Remodeling a Farmhouse Without Losing the Charm
How a handy couple transformed their dream fixer-upper into a family-friendly home
Take the full farmhouse tour.
If your idea of purgatory is spending Saturday morning staring at 2,317 paint chips—alongside your equally baffled partner—you may find it hard to believe that some couples actually enjoy this sort of thing. They may even be good at it.
"We'd meet on-site and lay out our ideas, and we were, of course, talking about it all the time," says Rafe Churchill, referring to the enviably painless, eye-to-eye redo process of the Sharon, Connecticut, farmhouse that he and his wife, interior designer Heide Hendricks, now call home. "We have been together almost 20 years and almost always have been aligned in our aesthetic preferences."
Weathering redos of their previous homes has, if anything, cemented these bonds. "We did a loft together in Brooklyn and two lakeside cottages, and we designed and built a house nearby when we first moved here," says Rafe, ticking off four life-consuming projects as if they'd been no harder than whitewashing a picket fence.
It helps that one half of this team was born into a family that knows its way around a lumberyard. Rafe, a third-generation master builder turned architectural designer (brother Seth runs Churchill Building Company, in nearby Salisbury), stepped easily into the role of GC and space planner, freeing Heide to focus on paint and textiles. "Though he does like to weigh in on colors—and on lighting and finishes!" she says tolerantly.
The couple found their dream fixer-upper a few years ago, when their kids were ages 4 and 7. Situated on a rise insulated in back by a town land trust, the 1929 center-hall Colonial Revival was empty and priced to sell. They liked the very things that had driven other potential buyers away, from the galley kitchen and randomly added side porches to the ancient plaster walls and timeworn spaces. Old houses like this have "settled into the landscape," Rafe says approvingly. Years of working in this neck of Connecticut, known for its rolling hills and above-average household incomes, had also deepened his appreciation of the coveted imperfections that signal authentic period style. "As soon as you change ceiling heights and make the windows line up perfectly, that's when you lose verisimilitude," Rafe says of those who don't know when it's best to leave things alone. "It's the oddities in the composition of the windows and the details that are the most convincing."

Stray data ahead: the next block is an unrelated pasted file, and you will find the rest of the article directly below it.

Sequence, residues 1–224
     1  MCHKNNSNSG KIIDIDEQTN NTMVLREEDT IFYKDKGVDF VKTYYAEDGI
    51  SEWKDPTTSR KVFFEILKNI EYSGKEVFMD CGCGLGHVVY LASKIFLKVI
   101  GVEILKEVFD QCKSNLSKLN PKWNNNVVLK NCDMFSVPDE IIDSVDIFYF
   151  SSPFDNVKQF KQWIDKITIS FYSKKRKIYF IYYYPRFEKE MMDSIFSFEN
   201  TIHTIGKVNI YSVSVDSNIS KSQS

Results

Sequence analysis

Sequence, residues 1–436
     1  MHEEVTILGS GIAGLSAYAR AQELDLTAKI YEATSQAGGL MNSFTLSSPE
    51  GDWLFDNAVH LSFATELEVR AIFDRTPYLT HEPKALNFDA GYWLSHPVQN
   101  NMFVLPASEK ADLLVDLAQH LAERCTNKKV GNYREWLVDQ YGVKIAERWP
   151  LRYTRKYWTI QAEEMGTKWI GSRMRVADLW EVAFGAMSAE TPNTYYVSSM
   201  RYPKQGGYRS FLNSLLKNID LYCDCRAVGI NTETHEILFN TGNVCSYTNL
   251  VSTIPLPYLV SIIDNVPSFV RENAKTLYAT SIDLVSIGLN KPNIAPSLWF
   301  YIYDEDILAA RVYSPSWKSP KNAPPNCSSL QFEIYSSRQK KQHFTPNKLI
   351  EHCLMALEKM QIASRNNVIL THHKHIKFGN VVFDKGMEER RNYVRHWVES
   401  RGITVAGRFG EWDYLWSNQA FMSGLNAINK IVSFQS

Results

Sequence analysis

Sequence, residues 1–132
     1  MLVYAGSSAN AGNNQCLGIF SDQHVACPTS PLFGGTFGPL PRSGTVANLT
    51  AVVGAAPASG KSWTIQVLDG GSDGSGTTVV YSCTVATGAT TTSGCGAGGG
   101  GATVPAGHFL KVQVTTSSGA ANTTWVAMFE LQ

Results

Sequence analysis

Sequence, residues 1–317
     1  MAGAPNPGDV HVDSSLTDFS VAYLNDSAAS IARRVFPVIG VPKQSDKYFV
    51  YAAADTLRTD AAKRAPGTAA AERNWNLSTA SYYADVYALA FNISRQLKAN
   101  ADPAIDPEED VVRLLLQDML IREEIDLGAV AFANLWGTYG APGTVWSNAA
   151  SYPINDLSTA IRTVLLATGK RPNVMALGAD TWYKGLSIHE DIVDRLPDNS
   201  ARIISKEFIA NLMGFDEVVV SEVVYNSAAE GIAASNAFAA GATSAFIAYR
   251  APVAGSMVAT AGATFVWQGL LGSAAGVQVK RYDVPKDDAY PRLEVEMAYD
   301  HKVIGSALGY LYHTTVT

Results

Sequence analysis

Think of it as the difference between a Calvin Klein shirt hot off the runway and a Brooks Brothers oxford that's frayed around the cuffs. "A lot of people talk about a nice, simple farmhouse, but very few people ever end up with that," Rafe says. "Part of the reason is they fall into a formulaic approach in the kitchen and bathrooms, with lots of tile and cabinetry and a built-in refrigerator, and the next thing you know, the farmhouse you fell in love with isn't recognizable." Though eager to make the house more family-functional, the couple also wanted to preserve its style. They didn't even consider one of those kitchens that's so big, it leaves no place to hide; instead, they would preserve existing spaces and, bucking trends, gather for meals in that thing called the dining room.
The refrigerator would be allowed to be a refrigerator, standing alone against its own wall. The mudroom might hop to a new spot, but it would still be a place where you kick off your boots after feeding the chickens, weeding the flower beds, and gathering firewood. "You have to ask yourself, What do you really need?" says Heide. "Our approach was, How little can we do?"